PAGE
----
RTÉ Karina Buckley celebrates the particular magic of the RTÉ All-Ireland Drama Festival, which runs until this Saturday.

Having produced theatre in an amateur and professional capacity, my first experience of the RTÉ All-Ireland Drama Festival was eye-opening. How a company could transform a naked stage into a rich, believable world; set up complex technical elements and execute them perfectly; produce some fine drama and exquisite individual performances then strike it all and leave the stage as empty as it was when they arrived – all in the space of just sixteen hours - left me in awe. But to get to know the amateur drama fraternity is to become blasé about what they achieve. To make it to the finals in Athlone, a company has to win at least two festivals on the qualifying circuit (the frontrunners this year won six), and the qualifying festivals take place across the length and breadth of the island, so the sets must be mobile, the crews efficient and the cast (often part of the crew) multi-talented. By the time it reaches Athlone, the whole production runs like a well-oiled machine but this is just what the circuit demands – no big deal.

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The next thing that struck me was the scale of the companies' ambition - plays at the festival run the gamut from dense and difficult to light and fluffy, and everything in between. The criteria directors use to choose their plays are as diverse as the people themselves but all have one thing in common - a desire to bring something new to the text. Not every production is a roaring success but, more often than not, the results are inspiring. Whether it's a beautifully timed farce, the sense of menace created in a taut drama or the trippy euphoria engendered by a play (like The Devil's Céilí) that defies characterisation, something always touches the audience - sometimes, it even transforms them.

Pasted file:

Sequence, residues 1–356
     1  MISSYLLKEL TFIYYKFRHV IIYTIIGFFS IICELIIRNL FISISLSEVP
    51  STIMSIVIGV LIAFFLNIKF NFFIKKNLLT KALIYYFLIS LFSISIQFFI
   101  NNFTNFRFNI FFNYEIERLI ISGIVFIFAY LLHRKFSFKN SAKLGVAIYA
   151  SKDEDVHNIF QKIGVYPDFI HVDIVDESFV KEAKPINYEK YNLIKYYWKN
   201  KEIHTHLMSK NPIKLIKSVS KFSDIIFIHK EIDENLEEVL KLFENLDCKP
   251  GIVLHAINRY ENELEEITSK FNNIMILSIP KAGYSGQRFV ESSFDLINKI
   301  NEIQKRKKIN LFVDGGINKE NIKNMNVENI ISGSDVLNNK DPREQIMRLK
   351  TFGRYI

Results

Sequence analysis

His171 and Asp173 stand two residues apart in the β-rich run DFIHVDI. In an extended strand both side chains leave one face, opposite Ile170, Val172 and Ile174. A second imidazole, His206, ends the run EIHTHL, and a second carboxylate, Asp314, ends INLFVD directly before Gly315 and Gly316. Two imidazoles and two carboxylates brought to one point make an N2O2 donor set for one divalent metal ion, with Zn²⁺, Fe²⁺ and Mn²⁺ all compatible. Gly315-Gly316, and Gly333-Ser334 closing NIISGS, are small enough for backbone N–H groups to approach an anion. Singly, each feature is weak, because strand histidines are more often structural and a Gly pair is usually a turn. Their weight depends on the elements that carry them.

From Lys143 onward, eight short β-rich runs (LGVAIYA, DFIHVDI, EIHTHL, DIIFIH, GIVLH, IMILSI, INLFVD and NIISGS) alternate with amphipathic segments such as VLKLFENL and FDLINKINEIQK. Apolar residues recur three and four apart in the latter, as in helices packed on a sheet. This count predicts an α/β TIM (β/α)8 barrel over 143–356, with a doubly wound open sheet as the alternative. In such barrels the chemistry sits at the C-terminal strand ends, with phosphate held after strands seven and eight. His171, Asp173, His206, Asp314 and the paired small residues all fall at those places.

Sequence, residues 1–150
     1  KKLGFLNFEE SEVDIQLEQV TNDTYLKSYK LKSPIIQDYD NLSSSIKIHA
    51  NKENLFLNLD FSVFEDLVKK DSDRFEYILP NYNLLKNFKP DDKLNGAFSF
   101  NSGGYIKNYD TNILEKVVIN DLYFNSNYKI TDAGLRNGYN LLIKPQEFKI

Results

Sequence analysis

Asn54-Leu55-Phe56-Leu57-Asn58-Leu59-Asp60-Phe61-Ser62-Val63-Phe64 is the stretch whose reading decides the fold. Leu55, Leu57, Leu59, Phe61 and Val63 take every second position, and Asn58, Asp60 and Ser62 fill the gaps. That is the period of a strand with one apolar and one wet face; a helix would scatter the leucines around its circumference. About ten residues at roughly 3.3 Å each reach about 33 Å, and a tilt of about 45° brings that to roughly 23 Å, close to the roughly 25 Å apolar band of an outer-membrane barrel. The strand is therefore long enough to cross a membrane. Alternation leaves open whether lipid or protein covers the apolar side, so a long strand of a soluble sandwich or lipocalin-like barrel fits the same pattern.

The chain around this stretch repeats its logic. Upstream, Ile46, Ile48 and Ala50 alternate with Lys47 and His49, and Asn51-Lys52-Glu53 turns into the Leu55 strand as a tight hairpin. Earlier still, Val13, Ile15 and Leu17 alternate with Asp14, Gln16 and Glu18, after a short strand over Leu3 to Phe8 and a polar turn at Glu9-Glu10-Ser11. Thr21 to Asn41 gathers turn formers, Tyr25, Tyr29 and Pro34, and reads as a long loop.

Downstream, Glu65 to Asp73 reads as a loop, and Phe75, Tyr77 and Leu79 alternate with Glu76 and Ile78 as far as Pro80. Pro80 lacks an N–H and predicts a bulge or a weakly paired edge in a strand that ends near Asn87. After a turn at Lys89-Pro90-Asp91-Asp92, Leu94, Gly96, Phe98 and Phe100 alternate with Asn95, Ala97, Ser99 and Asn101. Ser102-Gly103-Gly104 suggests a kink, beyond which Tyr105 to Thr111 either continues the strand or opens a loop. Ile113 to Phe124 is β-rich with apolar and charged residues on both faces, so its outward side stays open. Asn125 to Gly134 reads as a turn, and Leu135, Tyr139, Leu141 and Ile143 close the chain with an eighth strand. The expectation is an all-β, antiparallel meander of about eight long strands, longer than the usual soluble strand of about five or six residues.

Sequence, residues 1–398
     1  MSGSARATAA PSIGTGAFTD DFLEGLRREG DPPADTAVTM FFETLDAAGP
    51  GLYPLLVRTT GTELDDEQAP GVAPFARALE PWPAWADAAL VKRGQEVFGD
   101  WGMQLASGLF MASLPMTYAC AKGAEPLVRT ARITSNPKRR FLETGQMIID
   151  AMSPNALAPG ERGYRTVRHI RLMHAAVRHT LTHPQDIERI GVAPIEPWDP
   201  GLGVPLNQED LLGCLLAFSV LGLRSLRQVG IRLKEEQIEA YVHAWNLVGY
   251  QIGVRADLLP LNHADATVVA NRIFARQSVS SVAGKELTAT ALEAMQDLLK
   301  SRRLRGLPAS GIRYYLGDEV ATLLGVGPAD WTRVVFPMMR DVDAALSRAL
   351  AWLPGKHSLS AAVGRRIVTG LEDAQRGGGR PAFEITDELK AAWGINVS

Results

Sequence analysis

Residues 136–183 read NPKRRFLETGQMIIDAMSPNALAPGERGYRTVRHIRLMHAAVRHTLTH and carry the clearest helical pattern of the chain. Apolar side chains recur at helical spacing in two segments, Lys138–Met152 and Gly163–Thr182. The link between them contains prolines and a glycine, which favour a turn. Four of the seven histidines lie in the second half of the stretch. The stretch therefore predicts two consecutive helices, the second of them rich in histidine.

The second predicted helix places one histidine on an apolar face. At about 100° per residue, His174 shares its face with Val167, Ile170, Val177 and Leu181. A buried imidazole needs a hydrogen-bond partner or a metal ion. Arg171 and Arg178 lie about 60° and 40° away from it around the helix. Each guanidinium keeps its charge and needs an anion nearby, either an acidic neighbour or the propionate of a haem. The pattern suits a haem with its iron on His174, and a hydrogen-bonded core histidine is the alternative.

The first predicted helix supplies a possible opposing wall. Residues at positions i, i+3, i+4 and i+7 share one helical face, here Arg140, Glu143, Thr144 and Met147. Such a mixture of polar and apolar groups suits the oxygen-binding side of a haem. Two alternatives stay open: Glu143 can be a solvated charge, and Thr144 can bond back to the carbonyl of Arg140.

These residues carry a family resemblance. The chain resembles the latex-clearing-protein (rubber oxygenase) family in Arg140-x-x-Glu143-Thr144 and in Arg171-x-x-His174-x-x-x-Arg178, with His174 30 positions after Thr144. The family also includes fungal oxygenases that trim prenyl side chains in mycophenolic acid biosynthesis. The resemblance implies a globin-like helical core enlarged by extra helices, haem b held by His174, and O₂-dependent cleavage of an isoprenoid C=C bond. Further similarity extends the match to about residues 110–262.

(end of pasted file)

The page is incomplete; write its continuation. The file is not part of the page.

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Speaking of the audience, they're a character in itself at Athlone. Many of them have been attending the drama finals for a lifetime and can be a very tough crowd. They're alive to every nuance of a production, pointing out flaws at the interval ever before adjudicator has had a chance to formally identify them. His (or her – in my time it's always been a man) public adjudication follows the play immediately, giving an appraisal of the technical, staging and performance elements of the production. This instant feedback can seem quite brutal to the uninitiated but for the drama finalists, it's par for the course and can be very instructive, especially on the circuit, informing improvements in the production and helping the group to grow. Of course, by the time they reach Athlone, every group hopes to score the perfect "crit".

The RTE All-Ireland Drama Festival 2017 is serving up a mix of modern Irish classics (The Seafarer, The Mai, The Cripple of Inishmaan) and fresh international works, including three plays making their Athlone premiere - Blackbird by David Harrower, Sarah Ruhl's Dead Man's Cell Phone and The Play About The Baby by Edward Albee. What adjudicator Geoff O'Keeffe will choose as his winner on Saturday night is anyone's guess, but some powerful theatre between now and then is guaranteed.

Karina Buckley